White House on three!

August, 3, 2011
The Green Bay Packers will make a brief detour on the way to their Aug. 13 preseason opener in Cleveland.

Yes, they'll make a long-awaited visit to the White House on Aug. 12 to celebrate their Super Bowl XLV championship with President Barack Obama. For one day, at least, Obama will have to subordinate his status as the nation's No. 1 Chicago Bears fan. I'm guessing cornerback Charles Woodson won't let him forget the result of the 2010 NFC Championship Game.

An excerpt from Woodson's post-game speech that day: "President don't want to come watch us play in the Super Bowl? Guess what? Guess what? We'll go see him. White House on three. One, two, three. White House!"

White House visits usually take place during the offseason, but the NFL lockout forced the Packers to delay their trip. As a result, players (and presumably coaches) who have signed with other teams won't be able to join their 2010 teammates in Washington, D.C.

That will no doubt come as a bummer to players like guard Daryn Colledge, who started all 16 games last season but has signed with the Arizona Cardinals. Linebacker Nick Barnett, who finished the season on injured reserve and has since signed with the Buffalo Bills, tweeted: "Unfortunately don't get to go to the white house guess I'll make the trip next year ;-)"

BBAO: Free-agent rules evolving

July, 26, 2011
We're Black and Blue All Over:

It's already clear that NFL team executives will need their heads on a swivel during this unprecedented transition from the lockout. Here's an example:

Monday afternoon, the NFL announced that teams would be eligible to begin negotiating and signing undrafted rookies on Tuesday morning at 10 a.m. But late Monday afternoon, Minnesota Vikings vice president Rick Spielman received a surprise email while waiting his turn at a quick media availability: The instructions had changed. Negotiations with those undrafted rookies were now allowed immediately.

Moments later, ESPN's John Clayton confirmed the news. After answering questions from reporters, Spielman hustled up to a meeting room where personnel staffers had set up a make-shift phone bank to begin the recruiting process.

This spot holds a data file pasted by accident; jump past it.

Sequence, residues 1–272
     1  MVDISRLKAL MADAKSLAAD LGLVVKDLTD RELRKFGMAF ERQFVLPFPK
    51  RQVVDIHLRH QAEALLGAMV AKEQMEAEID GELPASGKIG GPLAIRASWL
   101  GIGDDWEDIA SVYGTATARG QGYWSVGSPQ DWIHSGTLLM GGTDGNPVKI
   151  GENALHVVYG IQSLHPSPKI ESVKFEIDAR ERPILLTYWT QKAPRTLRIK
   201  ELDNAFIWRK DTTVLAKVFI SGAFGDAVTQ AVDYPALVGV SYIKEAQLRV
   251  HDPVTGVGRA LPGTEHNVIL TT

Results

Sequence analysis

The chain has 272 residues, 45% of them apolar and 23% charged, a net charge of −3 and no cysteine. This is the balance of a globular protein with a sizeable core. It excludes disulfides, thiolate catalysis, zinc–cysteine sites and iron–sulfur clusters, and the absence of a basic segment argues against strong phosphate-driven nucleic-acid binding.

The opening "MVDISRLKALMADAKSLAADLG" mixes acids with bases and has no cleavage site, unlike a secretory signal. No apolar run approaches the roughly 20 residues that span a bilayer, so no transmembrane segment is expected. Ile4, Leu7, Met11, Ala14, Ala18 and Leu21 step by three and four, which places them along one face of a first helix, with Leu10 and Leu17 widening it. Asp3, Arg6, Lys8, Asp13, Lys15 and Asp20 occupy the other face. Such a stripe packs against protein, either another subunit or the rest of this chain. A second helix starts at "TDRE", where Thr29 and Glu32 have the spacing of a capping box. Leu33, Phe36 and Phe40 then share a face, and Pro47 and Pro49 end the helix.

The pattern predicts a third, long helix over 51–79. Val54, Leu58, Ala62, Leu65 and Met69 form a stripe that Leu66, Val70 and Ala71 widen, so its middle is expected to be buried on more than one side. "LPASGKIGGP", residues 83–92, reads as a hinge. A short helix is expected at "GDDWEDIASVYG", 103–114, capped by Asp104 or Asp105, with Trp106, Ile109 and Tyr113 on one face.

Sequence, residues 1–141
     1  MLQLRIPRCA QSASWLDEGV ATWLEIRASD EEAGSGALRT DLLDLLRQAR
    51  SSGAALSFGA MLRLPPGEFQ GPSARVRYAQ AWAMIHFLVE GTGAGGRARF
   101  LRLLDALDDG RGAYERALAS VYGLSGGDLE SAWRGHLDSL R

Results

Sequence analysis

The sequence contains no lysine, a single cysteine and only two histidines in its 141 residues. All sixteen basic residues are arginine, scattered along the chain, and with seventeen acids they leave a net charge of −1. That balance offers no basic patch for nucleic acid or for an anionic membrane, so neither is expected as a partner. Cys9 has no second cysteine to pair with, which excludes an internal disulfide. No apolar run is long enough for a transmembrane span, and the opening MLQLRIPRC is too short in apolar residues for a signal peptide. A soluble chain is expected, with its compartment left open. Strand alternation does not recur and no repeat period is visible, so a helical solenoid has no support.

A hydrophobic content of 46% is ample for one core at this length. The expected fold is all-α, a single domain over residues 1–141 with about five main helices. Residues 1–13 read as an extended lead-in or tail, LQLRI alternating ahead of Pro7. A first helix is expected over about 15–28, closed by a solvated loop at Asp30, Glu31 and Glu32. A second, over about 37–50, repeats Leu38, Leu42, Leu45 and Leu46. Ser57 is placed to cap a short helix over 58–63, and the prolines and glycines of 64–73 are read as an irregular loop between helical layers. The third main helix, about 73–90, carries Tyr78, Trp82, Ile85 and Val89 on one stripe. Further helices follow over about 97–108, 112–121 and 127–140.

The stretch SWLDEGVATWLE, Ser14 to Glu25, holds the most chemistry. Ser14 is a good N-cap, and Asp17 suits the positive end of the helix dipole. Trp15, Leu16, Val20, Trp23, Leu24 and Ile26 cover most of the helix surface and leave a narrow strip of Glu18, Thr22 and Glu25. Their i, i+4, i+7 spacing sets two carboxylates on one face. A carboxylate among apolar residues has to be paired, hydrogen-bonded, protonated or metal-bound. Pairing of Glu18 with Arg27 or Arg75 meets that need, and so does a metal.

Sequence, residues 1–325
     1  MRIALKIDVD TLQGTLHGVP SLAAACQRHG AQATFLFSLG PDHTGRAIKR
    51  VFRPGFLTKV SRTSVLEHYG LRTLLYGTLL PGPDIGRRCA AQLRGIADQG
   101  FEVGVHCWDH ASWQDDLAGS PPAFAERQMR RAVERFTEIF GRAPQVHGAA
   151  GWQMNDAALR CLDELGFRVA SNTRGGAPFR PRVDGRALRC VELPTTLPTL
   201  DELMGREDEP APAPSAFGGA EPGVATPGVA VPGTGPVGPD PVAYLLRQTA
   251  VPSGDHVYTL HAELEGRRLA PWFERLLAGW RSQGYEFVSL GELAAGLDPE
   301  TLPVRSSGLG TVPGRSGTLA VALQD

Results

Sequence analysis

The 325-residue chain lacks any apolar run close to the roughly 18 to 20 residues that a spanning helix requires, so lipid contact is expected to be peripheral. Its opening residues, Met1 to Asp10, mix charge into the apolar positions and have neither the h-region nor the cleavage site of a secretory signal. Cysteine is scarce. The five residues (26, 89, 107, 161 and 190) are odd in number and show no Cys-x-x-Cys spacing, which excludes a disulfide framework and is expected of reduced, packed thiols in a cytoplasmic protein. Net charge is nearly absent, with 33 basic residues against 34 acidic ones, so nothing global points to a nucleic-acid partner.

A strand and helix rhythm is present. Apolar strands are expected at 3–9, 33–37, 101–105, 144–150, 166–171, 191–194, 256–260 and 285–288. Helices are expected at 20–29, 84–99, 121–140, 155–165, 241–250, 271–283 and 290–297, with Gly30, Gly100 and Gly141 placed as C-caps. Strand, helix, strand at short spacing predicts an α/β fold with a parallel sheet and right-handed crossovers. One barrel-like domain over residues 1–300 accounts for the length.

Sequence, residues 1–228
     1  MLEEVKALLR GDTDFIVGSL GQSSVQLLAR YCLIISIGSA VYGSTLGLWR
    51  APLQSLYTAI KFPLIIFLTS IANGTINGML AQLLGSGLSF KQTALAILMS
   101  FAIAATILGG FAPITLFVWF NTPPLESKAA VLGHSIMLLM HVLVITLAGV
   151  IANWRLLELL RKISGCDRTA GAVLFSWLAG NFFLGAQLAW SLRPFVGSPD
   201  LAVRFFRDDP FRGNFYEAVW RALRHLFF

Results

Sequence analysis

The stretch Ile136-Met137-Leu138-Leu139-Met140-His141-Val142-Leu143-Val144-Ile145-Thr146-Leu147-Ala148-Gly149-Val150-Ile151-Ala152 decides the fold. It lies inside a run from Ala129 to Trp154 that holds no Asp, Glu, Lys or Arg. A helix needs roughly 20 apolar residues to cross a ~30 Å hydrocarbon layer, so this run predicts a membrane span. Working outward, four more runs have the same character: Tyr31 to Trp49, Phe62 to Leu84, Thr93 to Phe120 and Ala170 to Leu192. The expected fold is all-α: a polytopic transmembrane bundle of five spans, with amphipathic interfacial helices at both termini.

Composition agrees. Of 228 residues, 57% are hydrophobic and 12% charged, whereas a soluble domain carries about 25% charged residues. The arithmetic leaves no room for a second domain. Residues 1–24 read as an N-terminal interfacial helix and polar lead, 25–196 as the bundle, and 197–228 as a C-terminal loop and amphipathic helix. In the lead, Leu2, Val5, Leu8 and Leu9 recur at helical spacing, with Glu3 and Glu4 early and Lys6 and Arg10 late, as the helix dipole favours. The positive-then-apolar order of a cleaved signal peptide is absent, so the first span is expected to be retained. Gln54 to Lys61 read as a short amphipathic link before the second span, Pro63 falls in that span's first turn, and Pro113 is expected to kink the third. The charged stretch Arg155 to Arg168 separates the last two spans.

I'm guessing there will be a few more curveballs along the way. But barring any immediate changes, NFL teams can formally sign those undrafted rookies starting at 10 a.m. ET Tuesday and can also begin negotiations with draft picks, their free agents and undrafted free agents. Be prepared for a wild few days of news.

Unless that changes, of course.

Here's a quick roundup of news and notes from around the NFC North:
  • The Chicago Bears are moving Chris Harris back to his more natural strong safety position, opening up the free safety spot for Major Wright. Danieal Manning, a free agent, isn't expected to return. Brad Biggs of the Chicago Tribune has more.
  • Michael C. Wright of has an early look at the undrafted rookies the Bears are pursuing.
  • Dan Pompei of the Tribune considers possible veteran free agents for the Bears, including Justin Blalock and Harvey Dahl of the Atlanta Falcons.
  • Former Bears punter Brad Maynard, speaking to Neil Hayes of the Chicago Sun-Times after learning he would not return to the team, implied that he did not get along with special teams coordinator Dave Toub. Maynard: "I'm not surprised at all. There was one person there, and he and I didn't see eye to eye. I did the best I could with what I was asked to do. There were times I was asked to do things where I told myself, 'There's no way I can do this,' but I kept my mouth shut and did the best I could."
  • Detroit Lions president Tom Lewand, via Dave Birkett of the Detroit Free Press: "We've got a plan that we have laid out for quite some time now about how we want to build this team, and that was a philosophy that we communicated to you guys back a couple years ago. That philosophy is shared by [general manager Martin Mayhew] and [coach Jim Schwartz] and myself, and we're going to stick to that philosophy about how you build the nucleus of this team and how we have built the nucleus of the team."
  • John Niyo of the Detroit News expects the Lions to be active in the trade market.
  • The Lions will have meetings and a conditioning test for players Thursday, notes Tom Kowalski of
  • Most of the Green Bay Packers' training camp practices will be scheduled during the evening, according to Rob Demovsky of the Green Bay Press-Gazette.